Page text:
Perinatal outcomes after previable preterm premature rupture of membranes before 24 weeks of gestation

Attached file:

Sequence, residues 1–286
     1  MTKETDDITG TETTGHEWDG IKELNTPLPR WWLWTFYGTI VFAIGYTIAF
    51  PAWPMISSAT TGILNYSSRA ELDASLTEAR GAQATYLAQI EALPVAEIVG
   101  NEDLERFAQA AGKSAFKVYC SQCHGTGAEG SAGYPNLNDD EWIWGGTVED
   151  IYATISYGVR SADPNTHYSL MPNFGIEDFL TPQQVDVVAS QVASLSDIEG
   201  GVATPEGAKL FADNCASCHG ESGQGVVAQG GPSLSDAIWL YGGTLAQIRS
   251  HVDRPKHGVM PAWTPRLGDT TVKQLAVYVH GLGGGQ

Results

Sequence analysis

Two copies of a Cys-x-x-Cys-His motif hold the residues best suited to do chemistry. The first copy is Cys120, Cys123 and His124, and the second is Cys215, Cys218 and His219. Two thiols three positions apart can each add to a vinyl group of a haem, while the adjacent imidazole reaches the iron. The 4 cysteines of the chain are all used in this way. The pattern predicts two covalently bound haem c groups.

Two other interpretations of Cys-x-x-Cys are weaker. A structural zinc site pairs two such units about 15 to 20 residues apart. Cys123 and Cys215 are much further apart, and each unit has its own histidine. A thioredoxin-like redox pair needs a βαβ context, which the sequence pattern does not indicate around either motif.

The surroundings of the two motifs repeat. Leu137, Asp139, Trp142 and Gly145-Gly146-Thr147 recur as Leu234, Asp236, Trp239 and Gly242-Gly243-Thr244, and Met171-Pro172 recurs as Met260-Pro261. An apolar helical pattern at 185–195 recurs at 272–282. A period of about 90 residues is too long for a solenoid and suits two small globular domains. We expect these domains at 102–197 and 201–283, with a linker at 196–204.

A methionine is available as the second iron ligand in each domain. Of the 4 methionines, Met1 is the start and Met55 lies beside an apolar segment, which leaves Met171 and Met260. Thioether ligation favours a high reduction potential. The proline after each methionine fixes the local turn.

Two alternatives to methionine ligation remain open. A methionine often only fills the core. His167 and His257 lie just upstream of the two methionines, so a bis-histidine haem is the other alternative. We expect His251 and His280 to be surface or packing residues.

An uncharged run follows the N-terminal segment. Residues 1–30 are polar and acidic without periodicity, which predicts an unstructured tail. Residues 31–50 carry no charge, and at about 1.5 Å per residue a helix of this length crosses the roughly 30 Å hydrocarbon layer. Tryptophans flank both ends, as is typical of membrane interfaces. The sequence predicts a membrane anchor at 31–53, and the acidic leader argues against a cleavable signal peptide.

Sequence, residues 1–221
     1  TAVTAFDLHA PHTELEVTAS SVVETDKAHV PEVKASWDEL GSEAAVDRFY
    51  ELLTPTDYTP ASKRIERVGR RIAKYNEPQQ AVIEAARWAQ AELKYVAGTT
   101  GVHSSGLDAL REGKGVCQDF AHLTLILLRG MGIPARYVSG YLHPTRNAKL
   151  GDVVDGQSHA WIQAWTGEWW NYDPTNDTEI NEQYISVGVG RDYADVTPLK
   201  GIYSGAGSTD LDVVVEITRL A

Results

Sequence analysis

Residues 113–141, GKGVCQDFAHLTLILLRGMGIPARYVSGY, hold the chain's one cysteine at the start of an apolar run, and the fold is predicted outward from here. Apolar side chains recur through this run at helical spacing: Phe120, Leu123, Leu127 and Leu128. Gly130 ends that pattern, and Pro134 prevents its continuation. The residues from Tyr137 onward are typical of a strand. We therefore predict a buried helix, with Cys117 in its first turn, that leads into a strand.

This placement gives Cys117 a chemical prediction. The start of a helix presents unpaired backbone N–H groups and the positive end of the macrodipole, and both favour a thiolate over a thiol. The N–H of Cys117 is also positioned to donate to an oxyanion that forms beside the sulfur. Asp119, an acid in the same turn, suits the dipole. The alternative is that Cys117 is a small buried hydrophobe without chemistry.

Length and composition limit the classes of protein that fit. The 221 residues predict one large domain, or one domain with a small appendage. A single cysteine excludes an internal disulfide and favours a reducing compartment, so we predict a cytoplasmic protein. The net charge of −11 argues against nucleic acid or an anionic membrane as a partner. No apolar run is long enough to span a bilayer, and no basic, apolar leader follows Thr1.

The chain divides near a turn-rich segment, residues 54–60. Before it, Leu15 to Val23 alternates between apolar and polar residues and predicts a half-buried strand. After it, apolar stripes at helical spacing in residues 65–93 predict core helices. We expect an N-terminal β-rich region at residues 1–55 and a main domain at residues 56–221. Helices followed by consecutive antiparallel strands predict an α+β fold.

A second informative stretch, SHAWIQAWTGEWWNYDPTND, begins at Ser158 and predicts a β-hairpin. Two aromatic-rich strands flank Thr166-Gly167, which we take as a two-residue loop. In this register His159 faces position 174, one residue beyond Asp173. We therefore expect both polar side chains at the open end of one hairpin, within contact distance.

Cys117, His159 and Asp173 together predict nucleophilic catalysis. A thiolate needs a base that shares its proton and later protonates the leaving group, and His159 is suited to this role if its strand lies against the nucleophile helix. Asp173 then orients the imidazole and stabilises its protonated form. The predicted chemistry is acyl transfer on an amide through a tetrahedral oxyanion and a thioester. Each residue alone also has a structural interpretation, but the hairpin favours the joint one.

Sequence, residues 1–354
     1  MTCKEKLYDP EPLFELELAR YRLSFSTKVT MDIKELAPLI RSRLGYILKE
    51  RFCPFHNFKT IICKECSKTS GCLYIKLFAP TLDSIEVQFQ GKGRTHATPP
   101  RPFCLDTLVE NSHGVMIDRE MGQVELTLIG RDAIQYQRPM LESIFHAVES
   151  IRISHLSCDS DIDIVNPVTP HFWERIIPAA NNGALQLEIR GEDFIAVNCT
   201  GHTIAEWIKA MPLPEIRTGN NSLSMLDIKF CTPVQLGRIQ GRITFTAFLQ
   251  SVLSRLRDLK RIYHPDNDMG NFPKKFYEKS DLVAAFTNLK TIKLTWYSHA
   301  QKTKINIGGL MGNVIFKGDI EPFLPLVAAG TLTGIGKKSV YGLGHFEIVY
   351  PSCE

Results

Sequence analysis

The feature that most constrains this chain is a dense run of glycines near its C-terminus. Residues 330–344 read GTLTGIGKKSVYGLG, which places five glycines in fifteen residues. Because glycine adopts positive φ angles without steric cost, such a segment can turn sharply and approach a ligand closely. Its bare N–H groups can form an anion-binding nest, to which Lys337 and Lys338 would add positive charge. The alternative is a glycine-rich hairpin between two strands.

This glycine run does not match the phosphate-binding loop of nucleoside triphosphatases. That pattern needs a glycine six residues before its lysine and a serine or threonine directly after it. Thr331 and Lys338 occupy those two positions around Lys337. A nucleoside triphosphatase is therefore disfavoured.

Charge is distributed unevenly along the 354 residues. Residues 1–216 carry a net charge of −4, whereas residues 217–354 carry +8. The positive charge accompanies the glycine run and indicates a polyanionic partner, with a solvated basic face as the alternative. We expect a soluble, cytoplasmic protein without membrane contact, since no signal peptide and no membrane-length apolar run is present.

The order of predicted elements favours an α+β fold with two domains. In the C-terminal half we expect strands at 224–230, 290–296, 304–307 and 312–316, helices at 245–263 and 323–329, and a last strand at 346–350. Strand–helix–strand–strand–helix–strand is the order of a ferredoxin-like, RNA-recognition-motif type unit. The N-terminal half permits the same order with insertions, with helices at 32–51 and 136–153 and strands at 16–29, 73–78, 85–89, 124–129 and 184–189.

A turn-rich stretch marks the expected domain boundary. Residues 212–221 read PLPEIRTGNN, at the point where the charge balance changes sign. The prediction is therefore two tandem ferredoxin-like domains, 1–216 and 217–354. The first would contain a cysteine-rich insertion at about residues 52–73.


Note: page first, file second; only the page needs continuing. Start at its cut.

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Objective:A current descriptive assessment of perinatal outcomes in pregnancies complicated by previable preterm premature rupture of membranes (pPPROM) at <24 weeks of gestation, after expectant treatment.Study design:Maternal and short-term neonatal data were collected for patients with pPPROM.Results:Seventy-three patients with 93 fetuses were hospitalized with pPPROM at 15-24 weeks' gestation. Among these patients, 27.4% (n=20) chose pregnancy termination, 27.4% (n=20) miscarried and 45.2% (n=33) proceeded to live births. After a median latency period of 38 days, ranging from 1 to 126 days, 24 singletons and 20 multiples were live-born, of whom 79.5% (n=35) survived the perinatal period. The main neonatal sequelae were pulmonary hypoplasia (29.5%; n=13), connatal infection (56.8%; n=25), intraventricular hemorrhage (25%; n=11; resulting in five neonatal deaths) and Potter's syndrome (15.9%; n=7). Nine newborns died, within an average of 2.8 days (range, 1-10 days). The overall neonatal survival rate was 51.5% - including miscarriages but not elective terminations. The intact survival rate was 45.5% of all live-born neonates.Conclusions:Even with limited treatment options, overall neonatal survival is increasing. However, neonatal mortality and morbidity rates remain high. The gestational age at membrane rupture does not predict neonatal outcome.

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